(I received a free copy of The Balcony from the publisher, Little, Brown, and Company, to write an honest review on The Silver Petticoat Review. I did not receive compensation for this post and all opinions are my own.)
From the publisher:
What if our homes could tell the stories of others who lived there before us? Set in a small village near Paris, The Balcony follows the inhabitants of a single estate-including a manor and a servants’ cottage-over the course of several generations, from the Belle Époque to the present day, introducing us to a fascinating cast of characters.
A young American au pair develops a crush on her brilliant employer. An ex-courtesan shocks the servants, a Jewish couple in hiding from the Gestapo attract the curiosity of the neighbors, and a housewife begins an affair while renovating her downstairs. Rich and poor, young and old, powerful and persecuted, all of these people are seeking something: meaning, love, a new beginning, or merely survival.
Throughout, cross-generational connections and troubled legacies haunt the same spaces, so that the rose garden, the forest pond, and the balcony off the manor’s third floor bedroom become silent witnesses to a century of human drama.
The Balcony Book Review
In her debut, The Balcony, author Jane Delury delivers haunting stories of love and regret. The Balcony centers around a manor located in a forgotten suburb of Paris. The town is not what you would expect from a small village in France. In fact, Benneville is quite the opposite. The town is ugly. Delury takes great pains to describe it as unremarkable. It is the antithesis of Paris. In my mind, this translated to the discontent of the characters.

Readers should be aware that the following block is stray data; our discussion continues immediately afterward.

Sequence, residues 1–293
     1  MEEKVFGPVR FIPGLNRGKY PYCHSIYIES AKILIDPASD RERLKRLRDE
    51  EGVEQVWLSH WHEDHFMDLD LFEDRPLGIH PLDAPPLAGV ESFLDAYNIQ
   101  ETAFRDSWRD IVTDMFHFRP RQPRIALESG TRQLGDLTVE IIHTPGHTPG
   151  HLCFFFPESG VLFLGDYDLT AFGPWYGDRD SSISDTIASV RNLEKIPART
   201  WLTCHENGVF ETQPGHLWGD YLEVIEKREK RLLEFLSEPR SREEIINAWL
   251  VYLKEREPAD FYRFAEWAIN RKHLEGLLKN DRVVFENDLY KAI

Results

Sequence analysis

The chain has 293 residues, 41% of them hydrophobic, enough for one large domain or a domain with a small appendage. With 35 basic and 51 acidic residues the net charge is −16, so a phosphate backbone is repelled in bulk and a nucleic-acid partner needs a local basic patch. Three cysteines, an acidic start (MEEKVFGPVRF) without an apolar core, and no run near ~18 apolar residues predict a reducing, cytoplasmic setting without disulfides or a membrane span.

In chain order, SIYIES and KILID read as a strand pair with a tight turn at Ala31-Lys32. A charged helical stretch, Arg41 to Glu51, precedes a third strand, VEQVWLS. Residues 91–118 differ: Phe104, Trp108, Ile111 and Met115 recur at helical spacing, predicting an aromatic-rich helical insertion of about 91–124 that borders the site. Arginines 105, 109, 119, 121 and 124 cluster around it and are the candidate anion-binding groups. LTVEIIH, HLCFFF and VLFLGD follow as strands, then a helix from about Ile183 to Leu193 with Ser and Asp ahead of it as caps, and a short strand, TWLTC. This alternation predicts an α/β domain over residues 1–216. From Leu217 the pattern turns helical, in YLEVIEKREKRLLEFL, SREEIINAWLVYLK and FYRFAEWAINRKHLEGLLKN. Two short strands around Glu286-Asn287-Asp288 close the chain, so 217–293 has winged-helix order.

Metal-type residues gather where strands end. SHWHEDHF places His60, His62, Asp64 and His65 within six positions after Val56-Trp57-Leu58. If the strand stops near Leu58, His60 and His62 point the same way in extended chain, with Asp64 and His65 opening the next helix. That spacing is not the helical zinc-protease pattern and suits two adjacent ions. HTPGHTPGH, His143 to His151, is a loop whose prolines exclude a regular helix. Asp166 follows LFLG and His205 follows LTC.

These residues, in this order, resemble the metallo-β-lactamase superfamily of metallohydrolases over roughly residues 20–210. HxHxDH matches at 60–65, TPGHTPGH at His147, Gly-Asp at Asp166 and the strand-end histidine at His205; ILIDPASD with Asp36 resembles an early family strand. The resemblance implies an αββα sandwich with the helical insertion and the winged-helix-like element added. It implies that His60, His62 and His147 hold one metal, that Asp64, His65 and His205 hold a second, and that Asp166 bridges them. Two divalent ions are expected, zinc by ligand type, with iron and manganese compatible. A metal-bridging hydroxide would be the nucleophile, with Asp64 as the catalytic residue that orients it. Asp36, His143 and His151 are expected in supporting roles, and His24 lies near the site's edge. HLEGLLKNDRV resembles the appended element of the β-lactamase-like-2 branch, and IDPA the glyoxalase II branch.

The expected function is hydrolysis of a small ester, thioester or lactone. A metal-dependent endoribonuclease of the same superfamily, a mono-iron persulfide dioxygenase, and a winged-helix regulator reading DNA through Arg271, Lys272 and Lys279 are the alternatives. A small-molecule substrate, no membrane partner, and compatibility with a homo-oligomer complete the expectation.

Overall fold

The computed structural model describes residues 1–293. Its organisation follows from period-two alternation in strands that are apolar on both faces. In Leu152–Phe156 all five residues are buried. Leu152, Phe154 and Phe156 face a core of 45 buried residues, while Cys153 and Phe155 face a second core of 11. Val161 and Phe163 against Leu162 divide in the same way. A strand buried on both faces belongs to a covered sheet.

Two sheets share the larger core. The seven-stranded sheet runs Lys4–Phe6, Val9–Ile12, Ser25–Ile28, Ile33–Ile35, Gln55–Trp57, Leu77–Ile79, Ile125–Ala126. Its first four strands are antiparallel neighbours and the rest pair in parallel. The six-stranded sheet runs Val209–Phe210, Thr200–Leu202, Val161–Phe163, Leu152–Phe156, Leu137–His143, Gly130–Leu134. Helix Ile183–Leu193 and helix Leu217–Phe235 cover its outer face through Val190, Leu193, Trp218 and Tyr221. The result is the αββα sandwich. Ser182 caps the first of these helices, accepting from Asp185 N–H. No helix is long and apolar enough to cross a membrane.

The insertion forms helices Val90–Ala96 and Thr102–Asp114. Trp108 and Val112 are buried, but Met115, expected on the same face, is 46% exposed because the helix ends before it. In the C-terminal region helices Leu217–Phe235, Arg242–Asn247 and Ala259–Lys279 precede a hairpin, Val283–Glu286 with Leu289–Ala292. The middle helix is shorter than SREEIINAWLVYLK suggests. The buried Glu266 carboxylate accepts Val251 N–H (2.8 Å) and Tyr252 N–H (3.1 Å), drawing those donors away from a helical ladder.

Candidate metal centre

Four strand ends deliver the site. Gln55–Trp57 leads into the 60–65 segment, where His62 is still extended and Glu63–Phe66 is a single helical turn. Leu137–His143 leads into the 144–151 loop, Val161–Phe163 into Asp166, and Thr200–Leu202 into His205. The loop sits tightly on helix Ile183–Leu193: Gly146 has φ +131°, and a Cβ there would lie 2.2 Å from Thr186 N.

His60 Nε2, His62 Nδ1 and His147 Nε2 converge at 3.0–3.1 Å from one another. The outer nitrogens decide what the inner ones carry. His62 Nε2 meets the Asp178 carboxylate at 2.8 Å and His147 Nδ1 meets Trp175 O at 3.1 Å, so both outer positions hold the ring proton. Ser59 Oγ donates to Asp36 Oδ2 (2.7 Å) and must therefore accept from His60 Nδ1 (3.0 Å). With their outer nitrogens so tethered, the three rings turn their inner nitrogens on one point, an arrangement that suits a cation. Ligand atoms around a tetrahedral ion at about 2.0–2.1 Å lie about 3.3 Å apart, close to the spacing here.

Delury’s writing is lyrical. It is warm and inviting. Comforting, too. These stories focus on emotion. The characters feel intensely. In some stories, nostalgia dominates. Occasionally, regrets hold sway. In all of them, there is a sense of resignation. The narratives flow gently. It wanders at times, from one point to the next. Consequently, you have the sense you are peeking into someone’s most private thoughts. At times, I felt like I was reading someone’s diary. Or, sitting at my mother’s knee and listening to stories of her youth.
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The stories are not told in order. That is to say, the book jumps around in time. This can get confusing. Especially when trying to keep track of character connections. However, it does not distract from the emotional beats of the story. In fact, it makes the book more dream-like. Furthermore, it heightens the intensity of the characters feelings. I found that moving around in time gave the stories more impact.
Deeply intimate, The Balcony is a beautifully written book. Exquisite, even. It is poignant and unabashedly honest. The Balcony is perfect to cuddle up with over a rainy weekend. You won’t want to put it down!
The Balcony is available at your favorite bookseller, including Amazon, Barnes and Noble, or Google Books.
For more about author Jane Delury, visit her website here.
“Happiness in marriage is entirely a matter of chance.”